Experts

Anorexia, bonespiration, thinspiration: WA health experts worried about social media trend

A DANGEROUS new social media trend celebrating skeletal bodies with protruding bones has been studied for the first time by eating disorder specialists.

The “bonespiration” phenomenon, reported in Journal of Eating Disorders this week, has dismayed Princess Margaret Hospital health professionals, concerned social media is feeding morbid mindsets in kids.

The world-first analysis on “bonespiration” — an even more extreme thin body ideal than the Instagram-blocked “thinspiration” — associated it with high risk of developing a clinical eating disorder.

media_cameraNikki Owen. Picture: Daniel Wilkins

The UK-based study included 734 images on Twitter, Instagram and WeHeartIt. Bonespiration encourages objectifying photos of extremely thin women in skimpy clothing with protruding ribs, collarbones, spines and hips.

It comes as PMH health professionals warn social media users who post so-called “fit” selfies are at “significantly” higher risk of eating disorders.

Child and Adolescent Mental Health Services is concerned young people can become increasingly dissatisfied with their body image and associated self-worth by posting their image on social media.

Julie Purcell, acting manager of CAMHS’s specialised eating disorders program, said the latest study results were “really significant” in understanding the complexities behind eating disorders in kids.

Ms Purcell says sites such as Instagram, Facebook and chat forums have exposed young people to more pressure from their peers and society to achieve a body ideal.

“There’s a focus at the moment on fitness and eating healthily, especially with the obesity epidemic,” she said.

“In this day and age social media’s caught up in that.

“Social media is so powerful because what you’re doing is re-enforcing that message that my self-worth is tied up with how we look.”

media_cameraNikki at five years old when she began experiencing the mindset that led to anorexia. Picture: Supplied

An earlier study in Journal of Eating Disorders focused on Australian women using Instagram, comparing those who posted on fitspiration — the internet trend to motivate people to eat healthy and be fit.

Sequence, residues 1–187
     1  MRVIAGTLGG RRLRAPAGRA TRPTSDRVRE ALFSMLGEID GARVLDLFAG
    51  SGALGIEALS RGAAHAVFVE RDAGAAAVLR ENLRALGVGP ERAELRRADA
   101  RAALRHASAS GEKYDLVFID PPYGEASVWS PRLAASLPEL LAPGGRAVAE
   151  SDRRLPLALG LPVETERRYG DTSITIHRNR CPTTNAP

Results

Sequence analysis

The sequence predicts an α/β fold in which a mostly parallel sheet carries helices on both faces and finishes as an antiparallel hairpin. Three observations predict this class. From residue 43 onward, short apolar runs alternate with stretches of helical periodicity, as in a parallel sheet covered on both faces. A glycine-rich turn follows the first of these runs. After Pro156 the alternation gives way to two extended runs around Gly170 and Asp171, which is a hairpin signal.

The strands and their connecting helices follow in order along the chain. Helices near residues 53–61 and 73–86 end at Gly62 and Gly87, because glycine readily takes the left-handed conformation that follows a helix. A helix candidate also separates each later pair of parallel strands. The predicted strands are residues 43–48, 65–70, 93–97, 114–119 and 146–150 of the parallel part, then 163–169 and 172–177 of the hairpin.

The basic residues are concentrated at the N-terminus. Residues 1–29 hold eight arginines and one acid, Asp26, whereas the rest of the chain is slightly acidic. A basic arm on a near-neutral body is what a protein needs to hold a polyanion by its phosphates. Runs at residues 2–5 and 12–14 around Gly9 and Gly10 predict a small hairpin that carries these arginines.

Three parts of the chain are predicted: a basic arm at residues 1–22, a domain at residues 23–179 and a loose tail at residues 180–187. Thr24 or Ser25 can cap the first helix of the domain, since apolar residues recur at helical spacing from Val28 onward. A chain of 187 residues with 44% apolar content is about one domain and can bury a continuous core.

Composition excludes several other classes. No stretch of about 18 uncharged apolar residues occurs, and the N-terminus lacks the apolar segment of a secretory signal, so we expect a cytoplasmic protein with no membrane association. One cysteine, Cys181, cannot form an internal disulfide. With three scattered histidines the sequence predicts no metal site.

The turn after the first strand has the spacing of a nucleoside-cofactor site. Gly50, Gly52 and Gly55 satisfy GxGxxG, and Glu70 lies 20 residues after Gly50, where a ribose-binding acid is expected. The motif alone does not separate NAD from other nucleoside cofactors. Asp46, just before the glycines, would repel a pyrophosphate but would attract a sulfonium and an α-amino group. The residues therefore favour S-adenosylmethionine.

Even though fitspiration has been found to be much less unhealthy than the latest bonespiration trend, 17.5 per cent of women posting on Instagram’s fitspiration were still found to be at risk of a clinical eating disorder diagnosis.

Of the control group, women posting travel photos on Instagram, 4.3 per cent were considered at risk.

CAMHS is the only public service in WA to treat kids with eating disorders as inpatients, on day programs and as outpatients. It has about 170 patients and doctors are finding about half have a second mental illness, such as anxiety, depression or obsessive-compulsive disorder.

The youngest is 10, the average age is 14.5, 10 per cent are boys and treatment usually takes one to five years. The sickest are getting sicker. Also, kids from rural areas — with fewer resources and less awareness — were often more unwell.

Ms Purcell says eating disorders often go undetected in kids, until they develop physical symptoms. If an eating disorder is identified early and young people are in treatment, they can recover before they become an adult.

For help for an eating disorder or body image issue, contact The Butterfly Foundation on 1800 334 673.

media_cameraNikki Owen almost died from anorexia. Picture: Daniel Wilkins

WHEN Nikki Owen posted a photo of her gaunt, malnourished teenage body, she was instantly rewarded with admiration and praise from strangers across cyberspace.

“Access to destructive social media can ‘flick a switch’,” she says, of losing control over her body and mind, to anorexia nervosa.

“Parents need to know there are so many pro-ana (anorexia) websites. The fact they exist disgusts me,” she said.

As a millennial, Nikki, 21, is the first generation to grow up in the image-rich world of social media. She says websites pushing eating disorders took over her life.

“There’s something about being underweight and people noticing I’m underweight that makes me feel special — and I know that’s horrible,” she said.

“It feels like I’ve got more self-control but it’s actually an illusion. I’m succumbing to the eating disorder if I listen to it.”

By the time she was 19, this mental illness — placing intrinsic self-worth in a body-ideal — had almost killed the Subiaco university nursing student.

media_cameraNikki when she was suffering from anorexia. Picture: Supplied

“The more I start to look healthy and people say I’m ‘looking good’, that is so hard for my brain to deal with because I don’t feel special any more and I don’t feel I have self-control any more.”

Nikki was aged just five when she first started feeling excruciatingly self-conscious.

This was the start of a life-long battle with an eating disorder with a powerfully-critical “inner voice”. She loathed herself for eating.

Living with her parents and younger sister, she was a master of masking it — until eventually it took claim over her life and her weight plummeted. “I felt my body start to shut down,” she recalled.

Nikki finds it easy to talk rationally, but it’s still hard to take her own advice. “The best form of control is to just be happy with yourself and that is something completely out of reach for me at the moment,” she said.

Leave a Reply

Your email address will not be published. Required fields are marked *

8 − one =